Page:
There are two types of modules in Sitefinity – static and dynamic. Dynamic modules are much easier to work with and we recommend you use those, unless you have very specific requirements that are not supported (hierarchies, complex data models, integrations with other systems). There are still cases where customers use static modules and we often get questions about them. This blog post will explain how Sitefinity installs static modules and how you can take advantage of this process to upgrade older versions that are already used.
What is a module upgrade?
In most cases it is safe to assume that you’re starting to build a Sitefinity module from scratch. However, this is not always the case. As vendors of a product that needs to be upgraded on customer premises, we know this well. As a module developer, you might want to sell your module to third parties or change/add functionality when it is already working with live data in production. This changes after your module has shipped are what we call a module upgrade. Although the code for your module is always replaced, sometimes you need to change the schema and data that your module manages.
The module class – your module entry point
Apart from the data model and API of your module, you always need to create a module class. This class is how Sitefinity knows that you actually have a module – it is your module’s entry point. There are three important member methods that take part in the installation and upgrade of a module - Install, Initialize and Upgrade.
- Install – called the first time your module is installed
- Initialize – called on each application start
- Upgrade – called when the version of your module changes
To understand how to implement those methods, first you need to know how Sitefinity uses them when stating up all modules.
Sitefinity module startup
When the Sitefinity application starts, it goes through all registered modules in configuration and decides whether they should be installed or upgraded, according to the above flowchart.
Entries for all registered modules in the configuration look like this:
As you can see, all decisions involve the current version of the module stored in its configuration element. The first time Sitefinity installs your module, it will set the version to the version of the module assembly. From then on, you can control when the upgrade method for your module gets called by managing the version of the assembly.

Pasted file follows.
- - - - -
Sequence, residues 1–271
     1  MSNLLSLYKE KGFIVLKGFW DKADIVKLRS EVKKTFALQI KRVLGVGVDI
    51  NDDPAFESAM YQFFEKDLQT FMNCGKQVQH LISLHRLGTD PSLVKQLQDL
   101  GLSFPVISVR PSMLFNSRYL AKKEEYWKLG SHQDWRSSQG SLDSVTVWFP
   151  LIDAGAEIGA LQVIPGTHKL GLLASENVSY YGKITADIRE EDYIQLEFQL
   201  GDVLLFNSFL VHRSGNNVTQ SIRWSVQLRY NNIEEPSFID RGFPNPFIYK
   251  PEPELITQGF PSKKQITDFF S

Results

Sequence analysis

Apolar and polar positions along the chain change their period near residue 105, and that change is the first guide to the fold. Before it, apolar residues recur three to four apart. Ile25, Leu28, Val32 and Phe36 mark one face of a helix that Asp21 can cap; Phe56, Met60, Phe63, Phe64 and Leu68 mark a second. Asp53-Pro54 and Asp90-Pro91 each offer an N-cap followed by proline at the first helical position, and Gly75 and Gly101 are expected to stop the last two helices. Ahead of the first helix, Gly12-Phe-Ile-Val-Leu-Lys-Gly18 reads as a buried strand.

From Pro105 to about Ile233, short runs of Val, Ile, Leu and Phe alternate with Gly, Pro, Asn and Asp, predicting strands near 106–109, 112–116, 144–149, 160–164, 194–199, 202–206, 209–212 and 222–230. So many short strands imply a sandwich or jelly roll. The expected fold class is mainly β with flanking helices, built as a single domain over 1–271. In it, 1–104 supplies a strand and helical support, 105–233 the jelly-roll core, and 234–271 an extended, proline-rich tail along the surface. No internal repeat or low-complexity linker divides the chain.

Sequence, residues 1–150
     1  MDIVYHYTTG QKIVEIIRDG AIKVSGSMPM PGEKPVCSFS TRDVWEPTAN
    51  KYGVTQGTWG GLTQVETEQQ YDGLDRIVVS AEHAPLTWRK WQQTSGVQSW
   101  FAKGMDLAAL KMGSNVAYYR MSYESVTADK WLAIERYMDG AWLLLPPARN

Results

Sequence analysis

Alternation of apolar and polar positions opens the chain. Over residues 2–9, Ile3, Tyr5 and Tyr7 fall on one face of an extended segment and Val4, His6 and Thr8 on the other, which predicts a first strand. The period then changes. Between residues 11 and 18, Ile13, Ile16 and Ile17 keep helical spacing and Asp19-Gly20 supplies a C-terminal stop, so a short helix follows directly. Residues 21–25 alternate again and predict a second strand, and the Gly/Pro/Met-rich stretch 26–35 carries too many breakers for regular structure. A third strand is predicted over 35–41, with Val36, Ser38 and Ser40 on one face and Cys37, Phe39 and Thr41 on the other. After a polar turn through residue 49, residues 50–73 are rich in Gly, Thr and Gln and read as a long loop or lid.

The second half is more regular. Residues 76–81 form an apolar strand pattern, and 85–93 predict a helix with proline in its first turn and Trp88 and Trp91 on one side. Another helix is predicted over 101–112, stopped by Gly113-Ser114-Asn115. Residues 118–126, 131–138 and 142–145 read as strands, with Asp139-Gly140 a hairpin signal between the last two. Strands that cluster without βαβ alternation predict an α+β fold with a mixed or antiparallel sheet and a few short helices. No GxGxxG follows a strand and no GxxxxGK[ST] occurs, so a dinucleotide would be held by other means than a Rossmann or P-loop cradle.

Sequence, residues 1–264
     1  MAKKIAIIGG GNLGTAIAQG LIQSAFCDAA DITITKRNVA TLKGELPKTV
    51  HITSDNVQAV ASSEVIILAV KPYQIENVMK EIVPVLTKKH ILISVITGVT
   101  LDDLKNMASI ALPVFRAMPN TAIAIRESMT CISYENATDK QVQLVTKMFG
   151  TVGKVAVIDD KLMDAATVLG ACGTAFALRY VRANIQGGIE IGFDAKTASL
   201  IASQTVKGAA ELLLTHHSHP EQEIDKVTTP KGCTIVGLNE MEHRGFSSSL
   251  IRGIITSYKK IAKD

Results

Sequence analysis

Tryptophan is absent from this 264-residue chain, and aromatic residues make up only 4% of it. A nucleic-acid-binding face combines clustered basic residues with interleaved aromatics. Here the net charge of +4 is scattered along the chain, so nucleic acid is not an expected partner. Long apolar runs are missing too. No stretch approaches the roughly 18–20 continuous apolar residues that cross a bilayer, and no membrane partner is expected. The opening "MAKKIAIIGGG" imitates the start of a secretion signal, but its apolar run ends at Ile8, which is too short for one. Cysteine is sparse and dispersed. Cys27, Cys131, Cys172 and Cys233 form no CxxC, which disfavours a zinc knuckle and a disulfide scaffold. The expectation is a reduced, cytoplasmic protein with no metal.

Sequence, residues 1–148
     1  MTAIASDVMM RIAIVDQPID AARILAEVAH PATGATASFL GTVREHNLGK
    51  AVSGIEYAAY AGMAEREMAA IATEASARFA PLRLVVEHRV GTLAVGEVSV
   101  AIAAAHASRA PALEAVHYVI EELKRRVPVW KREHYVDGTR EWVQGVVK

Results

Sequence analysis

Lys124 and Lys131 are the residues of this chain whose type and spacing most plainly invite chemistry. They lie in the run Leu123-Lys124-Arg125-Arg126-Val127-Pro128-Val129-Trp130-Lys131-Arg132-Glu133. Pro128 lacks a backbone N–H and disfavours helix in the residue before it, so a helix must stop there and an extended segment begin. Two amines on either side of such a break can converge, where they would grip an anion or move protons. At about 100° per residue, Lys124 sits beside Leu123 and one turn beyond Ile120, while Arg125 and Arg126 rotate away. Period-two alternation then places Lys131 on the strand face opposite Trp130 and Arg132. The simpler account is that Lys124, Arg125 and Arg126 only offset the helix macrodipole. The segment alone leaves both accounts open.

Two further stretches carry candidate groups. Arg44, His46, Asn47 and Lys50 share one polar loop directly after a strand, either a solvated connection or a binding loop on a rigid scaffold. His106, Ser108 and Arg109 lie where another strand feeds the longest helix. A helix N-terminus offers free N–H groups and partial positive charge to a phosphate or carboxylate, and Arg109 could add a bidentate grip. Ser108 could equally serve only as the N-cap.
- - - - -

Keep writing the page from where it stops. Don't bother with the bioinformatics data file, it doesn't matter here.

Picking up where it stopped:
Managing your module assembly version
By default, when you create a class library project in Visual Studio, the assembly version is static and is set to 18.104.22.168. You can change this from the AssemblyInfo.cs file, under Properties. For Sitefinity assemblies, we always manually set the major and minor version. The build number is automatically incremented. You can do the same for your custom modules.
// Version information for an assembly consists of the following four values:
// Major Version
// Minor Version
// Build Number
// You can specify all the values or you can default the Build and Revision Numbers
// by using the '*' as shown below:
// [assembly: AssemblyVersion("1.0.*")]
Note: For more information you can read Assembly Versioning on MSDN.
Implementing the Upgrade method of the module class
Once you have control over the assembly version of your module, you can use that to execute custom logic whenever you module is upgraded. When Sitefinity calls your Upgrade method, it always supplies the old version in an argument.
You as the developer of the module should know what changes you’ve made between different versions and execute code that updates your model to work with the newer version. It might be the addition of a new persistent class or property of an existing one, a new relation between persistent items, etc.
Upgrade(SiteInitializer initializer, Version upgradeFrom)
(upgradeFrom.Build > 2500)
// upgrading from 5.0
(upgradeFrom.Build > 2800)
// upgrading from 5.0 SP1
(upgradeFrom.Build < 1800)
// upgrading older versions - change schema
This method gives you control over what happens when someone replaces your module assembly with a new one. We advise everyone who submits modules to the Sitefinity marketplace to use these versioning mechanisms. They makes managing upgrades much easier and prevent any need to communicate directly with the users of your module for detailed instructions. If all this seems too complex, this is yet another reason to use dynamic modules. They have no need of upgrades and similar scenarios are handled seamlessly by Sitefinity.